Guaro is a distilled liquor popular in several Central American countries, particularly Costa Rica. Made from sugar cane juice, guaro has a high alcohol content and a slightly sweet taste. Most people mix guaro with juice or soda, because its flavor can sometimes be harsh. In fact, guaro is often called “aguardiente,” a word that combines “agua” with “ardiente,” an adjective that means “burning.”
Like moonshine in the United States, guaro was once purely a product of homemade stills, a rural kitchen-sink alcohol. Guaro was a well-loved part of Costa Rican popular culture. One folksong warmly praises guaro as a wonderful by-product of Costa Rica’s beloved sugar cane. The song also alludes to guaro’s unpleasant side-effects, and it was these side-effects and the dangers of homemade distilleries that caused the Costa Rican government to take over guaro production.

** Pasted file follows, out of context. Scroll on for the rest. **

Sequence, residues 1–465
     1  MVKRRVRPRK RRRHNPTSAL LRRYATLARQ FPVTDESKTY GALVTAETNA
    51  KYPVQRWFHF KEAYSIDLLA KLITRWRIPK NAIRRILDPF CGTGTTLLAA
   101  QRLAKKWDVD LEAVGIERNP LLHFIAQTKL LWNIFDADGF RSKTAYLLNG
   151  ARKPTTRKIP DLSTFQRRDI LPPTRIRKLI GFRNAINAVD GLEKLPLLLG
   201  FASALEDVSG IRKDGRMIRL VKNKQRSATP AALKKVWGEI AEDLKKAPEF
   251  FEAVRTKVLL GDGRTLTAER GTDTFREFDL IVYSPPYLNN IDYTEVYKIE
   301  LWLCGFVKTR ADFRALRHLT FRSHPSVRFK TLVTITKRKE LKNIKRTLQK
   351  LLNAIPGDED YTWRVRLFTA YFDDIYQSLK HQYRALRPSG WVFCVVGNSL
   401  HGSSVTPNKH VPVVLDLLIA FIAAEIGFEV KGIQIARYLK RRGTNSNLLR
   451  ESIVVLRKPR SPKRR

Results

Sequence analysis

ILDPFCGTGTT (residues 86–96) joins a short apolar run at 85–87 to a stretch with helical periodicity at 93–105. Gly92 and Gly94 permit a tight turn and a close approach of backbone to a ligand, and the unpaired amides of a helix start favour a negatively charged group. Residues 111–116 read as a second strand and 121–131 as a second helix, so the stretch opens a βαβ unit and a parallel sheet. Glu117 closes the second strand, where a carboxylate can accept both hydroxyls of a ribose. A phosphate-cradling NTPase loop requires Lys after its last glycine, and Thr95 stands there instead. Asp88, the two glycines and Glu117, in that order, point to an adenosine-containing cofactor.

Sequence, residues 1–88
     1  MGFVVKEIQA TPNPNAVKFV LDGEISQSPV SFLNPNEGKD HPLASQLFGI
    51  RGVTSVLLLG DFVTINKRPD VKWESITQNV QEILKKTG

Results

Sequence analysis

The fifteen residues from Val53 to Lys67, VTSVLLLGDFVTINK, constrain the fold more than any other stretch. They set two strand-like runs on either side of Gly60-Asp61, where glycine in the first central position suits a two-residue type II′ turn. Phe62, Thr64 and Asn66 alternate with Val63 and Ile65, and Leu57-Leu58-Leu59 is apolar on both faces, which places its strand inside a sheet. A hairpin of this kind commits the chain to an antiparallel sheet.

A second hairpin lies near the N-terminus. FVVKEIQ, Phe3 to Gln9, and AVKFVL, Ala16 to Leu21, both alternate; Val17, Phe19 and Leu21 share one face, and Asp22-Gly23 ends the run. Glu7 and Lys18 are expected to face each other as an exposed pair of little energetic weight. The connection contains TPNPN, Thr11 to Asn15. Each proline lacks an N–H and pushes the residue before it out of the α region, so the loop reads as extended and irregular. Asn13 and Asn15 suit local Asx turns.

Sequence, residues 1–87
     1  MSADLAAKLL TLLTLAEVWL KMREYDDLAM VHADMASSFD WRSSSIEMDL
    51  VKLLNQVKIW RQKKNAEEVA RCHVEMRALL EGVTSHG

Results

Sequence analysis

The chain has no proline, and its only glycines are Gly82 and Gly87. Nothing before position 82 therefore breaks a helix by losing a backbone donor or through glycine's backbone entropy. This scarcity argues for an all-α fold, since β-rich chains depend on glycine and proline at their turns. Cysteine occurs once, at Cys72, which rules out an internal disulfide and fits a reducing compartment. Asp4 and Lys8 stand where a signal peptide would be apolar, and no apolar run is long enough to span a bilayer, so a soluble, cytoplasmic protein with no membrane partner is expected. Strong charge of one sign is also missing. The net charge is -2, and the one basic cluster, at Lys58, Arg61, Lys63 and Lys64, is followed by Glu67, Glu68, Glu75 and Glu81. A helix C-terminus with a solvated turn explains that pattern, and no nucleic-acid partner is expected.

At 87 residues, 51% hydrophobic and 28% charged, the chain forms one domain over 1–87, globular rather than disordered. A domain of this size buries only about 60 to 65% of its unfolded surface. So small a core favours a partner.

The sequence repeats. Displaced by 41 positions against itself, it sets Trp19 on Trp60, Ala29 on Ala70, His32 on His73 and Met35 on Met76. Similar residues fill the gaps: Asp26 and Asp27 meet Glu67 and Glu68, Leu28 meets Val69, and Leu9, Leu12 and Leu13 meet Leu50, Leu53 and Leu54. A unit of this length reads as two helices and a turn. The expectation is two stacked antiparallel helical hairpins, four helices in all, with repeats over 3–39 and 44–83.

Guaro is now bottled by Costa Rica’s National Liquor Factory (la Fábrica Nacional de Licores) under the name of Cacique. Homemade guaro production is severely frowned upon, and bottles of Cacique line the shelves of Costa Rican grocery stores and bars.
One odd fact about guaro is the similarity of pronunciation between “guaro” and “water.” Recently, a thirsty American tourist asked his waiter, in English, for a glass of water. The waiter, who did not speak English, thought that the tourist had asked for water. Pleased that a visitor would embrace his country’s own alcohol, the waiter returned from the kitchen with a glass of the clear alcoholic beverage. The tourist took a big gulp and had a hair-raising experience in thirst-quenching.
Writing and editing by Beaumont Hardy Editing.